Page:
Following a mandate from the European Commission, EFSA has developed a Guidance on Technical Requirements (Guidance on Particle-TR), defining the criteria for assessing the presence of a fraction of small particles, and setting out information requirements for applications in the regulated food and feed product areas (e.g. novel food, food/feed additives, food contact materials and pesticides). These requirements apply to particles requiring specific assessment at the nanoscale in conventional materials that do not meet the definition of engineered nanomaterial as set out in the Novel Food Regulation (EU) 2015/2283. The guidance outlines appraisal criteria grouped in three sections, to confirm whether or not the conventional risk assessment should be complemented with nanospecific considerations. The first group addresses solubility and dissolution rate as key physicochemical properties to assess whether consumers will be exposed to particles. The second group establishes the information requirements for assessing whether the conventional material contains a fraction or consists of small particles, and its characterisation. The third group describes the information to be presented for existing safety studies to demonstrate that the fraction of small particles, including particles at the nanoscale, has been properly evaluated. In addition, in order to guide the appraisal of existing safety studies, recommendations for closing the data gaps while minimising the need for conducting new animal studies are provided. This Guidance on Particle-TR complements the Guidance on risk assessment of nanomaterials to be applied in the food and feed chain, human and animal health updated by the EFSA Scientific Committee as co-published with this Guidance. Applicants are advised to consult both guidance documents before conducting new studies.
      106Scopus© Citations 74
  • Publication
    Draft for internal testing Scientific Committee guidance on appraising and integrating evidence from epidemiological studies for use in EFSA's scientific assessments
    EFSA requested its Scientific Committee to prepare a guidance document on appraising and integrating evidence from epidemiological studies for use in EFSA's scientific assessments. The guidance document provides an introduction to epidemiological studies and illustrates the typical biases of the different epidemiological study designs. It describes key epidemiological concepts relevant for evidence appraisal. Regarding study reliability, measures of association, exposure assessment, statistical inferences, systematic error and effect modification are explained. Regarding study relevance, the guidance describes the concept of external validity. The principles of appraising epidemiological studies are illustrated, and an overview of Risk of Bias (RoB) tools is given. A decision tree is developed to assist in the selection of the appropriate Risk of Bias tool, depending on study question, population and design. The customisation of the study appraisal process is explained, detailing the use of RoB tools and assessing the risk of bias in the body of evidence. Several examples of appraising experimental and observational studies using a Risk of Bias tool are annexed to the document to illustrate the application of the approach. This document constitutes a draft that will be applied in EFSA's assessments during a 1-year pilot phase and be revised and complemented as necessary. Before finalisation of the document, a public consultation will be launched.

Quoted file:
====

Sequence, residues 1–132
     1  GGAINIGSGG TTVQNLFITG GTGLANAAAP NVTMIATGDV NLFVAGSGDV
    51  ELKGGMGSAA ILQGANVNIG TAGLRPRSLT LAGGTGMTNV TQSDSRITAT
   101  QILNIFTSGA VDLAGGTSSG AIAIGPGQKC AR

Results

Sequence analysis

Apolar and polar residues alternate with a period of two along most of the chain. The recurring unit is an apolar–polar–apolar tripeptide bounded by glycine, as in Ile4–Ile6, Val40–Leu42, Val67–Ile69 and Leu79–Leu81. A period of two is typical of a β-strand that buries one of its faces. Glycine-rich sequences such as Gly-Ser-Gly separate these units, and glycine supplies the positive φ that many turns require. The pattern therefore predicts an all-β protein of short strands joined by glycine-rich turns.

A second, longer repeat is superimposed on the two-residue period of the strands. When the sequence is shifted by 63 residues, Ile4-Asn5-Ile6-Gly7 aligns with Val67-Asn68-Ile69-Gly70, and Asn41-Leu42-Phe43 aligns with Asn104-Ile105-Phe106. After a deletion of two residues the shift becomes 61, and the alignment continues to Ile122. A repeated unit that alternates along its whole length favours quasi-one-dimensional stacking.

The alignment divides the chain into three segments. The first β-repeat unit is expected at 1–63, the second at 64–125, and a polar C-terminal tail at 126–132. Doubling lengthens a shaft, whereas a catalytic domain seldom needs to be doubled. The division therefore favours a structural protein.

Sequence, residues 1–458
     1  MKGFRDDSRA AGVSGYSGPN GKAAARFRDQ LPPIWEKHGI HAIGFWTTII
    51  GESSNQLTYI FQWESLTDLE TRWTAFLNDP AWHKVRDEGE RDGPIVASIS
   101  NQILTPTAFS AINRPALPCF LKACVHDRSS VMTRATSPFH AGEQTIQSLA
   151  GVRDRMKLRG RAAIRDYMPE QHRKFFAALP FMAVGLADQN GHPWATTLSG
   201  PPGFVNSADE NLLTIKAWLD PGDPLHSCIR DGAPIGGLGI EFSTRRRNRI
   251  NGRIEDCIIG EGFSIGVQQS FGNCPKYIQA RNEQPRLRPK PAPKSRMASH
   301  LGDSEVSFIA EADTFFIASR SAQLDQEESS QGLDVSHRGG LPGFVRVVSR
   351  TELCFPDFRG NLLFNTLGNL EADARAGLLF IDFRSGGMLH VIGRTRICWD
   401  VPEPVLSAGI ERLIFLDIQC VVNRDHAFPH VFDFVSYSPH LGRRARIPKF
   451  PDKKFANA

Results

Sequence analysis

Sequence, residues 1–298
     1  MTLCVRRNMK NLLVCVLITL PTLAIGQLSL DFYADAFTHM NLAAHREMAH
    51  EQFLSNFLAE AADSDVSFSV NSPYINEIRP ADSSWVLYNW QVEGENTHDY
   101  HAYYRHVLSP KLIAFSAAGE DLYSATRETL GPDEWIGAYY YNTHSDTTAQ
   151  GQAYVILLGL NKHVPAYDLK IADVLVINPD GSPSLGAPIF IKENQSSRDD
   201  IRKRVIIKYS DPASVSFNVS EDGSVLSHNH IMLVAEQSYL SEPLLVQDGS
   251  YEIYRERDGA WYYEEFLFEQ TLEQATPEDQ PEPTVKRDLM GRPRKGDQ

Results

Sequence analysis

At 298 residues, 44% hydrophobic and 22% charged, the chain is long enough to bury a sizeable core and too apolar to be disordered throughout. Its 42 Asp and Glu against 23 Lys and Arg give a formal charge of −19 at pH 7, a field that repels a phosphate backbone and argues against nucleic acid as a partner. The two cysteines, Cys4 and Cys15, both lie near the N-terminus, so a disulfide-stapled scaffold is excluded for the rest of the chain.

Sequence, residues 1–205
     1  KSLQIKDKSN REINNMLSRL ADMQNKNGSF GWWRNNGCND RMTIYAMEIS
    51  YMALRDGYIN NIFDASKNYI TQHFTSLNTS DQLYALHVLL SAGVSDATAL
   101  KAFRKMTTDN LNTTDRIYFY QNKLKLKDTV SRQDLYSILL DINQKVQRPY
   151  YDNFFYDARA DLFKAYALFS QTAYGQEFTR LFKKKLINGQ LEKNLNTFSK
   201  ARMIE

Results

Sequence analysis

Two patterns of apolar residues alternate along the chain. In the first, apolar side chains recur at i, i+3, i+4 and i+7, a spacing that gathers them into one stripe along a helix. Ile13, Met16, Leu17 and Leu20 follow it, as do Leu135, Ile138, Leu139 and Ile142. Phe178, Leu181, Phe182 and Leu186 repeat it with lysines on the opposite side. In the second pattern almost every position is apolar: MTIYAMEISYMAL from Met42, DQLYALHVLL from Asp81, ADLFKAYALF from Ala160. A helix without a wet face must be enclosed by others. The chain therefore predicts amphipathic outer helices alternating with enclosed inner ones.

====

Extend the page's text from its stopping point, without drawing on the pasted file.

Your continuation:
258Scopus© Citations 13
  • Publication
    A systems‐based approach to the environmental risk assessment of multiple stressors in honey bees
    The European Parliament requested EFSA to develop a holistic risk assessment of multiple stressors in honey bees. To this end, a systems-based approach that is composed of two core components: a monitoring system and a modelling system are put forward with honey bees taken as a showcase. Key developments in the current scientific opinion (including systematic data collection from sentinel beehives and an agent-based simulation) have the potential to substantially contribute to future development of environmental risk assessments of multiple stressors at larger spatial and temporal scales. For the monitoring, sentinel hives would be placed across representative climatic zones and landscapes in the EU and connected to a platform for data storage and analysis. Data on bee health status, chemical residues and the immediate or broader landscape around the hives would be collected in a harmonised and standardised manner, and would be used to inform stakeholders, and the modelling system, ApisRAM, which simulates as accurately as possible a honey bee colony. ApisRAM would be calibrated and continuously updated with incoming monitoring data and emerging scientific knowledge from research. It will be a supportive tool for beekeeping, farming, research, risk assessment and risk management, and it will benefit the wider society. A societal outlook on the proposed approach is included and this was conducted with targeted social science research with 64 beekeepers from eight EU Member States and with members of the EU Bee Partnership. Gaps and opportunities are identified to further implement the approach. Conclusions and recommendations are made on a way forward, both for the application of the approach and its use in a broader context.
      174Scopus© Citations 24
  • Publication
    Guidance on aneugenicity assessment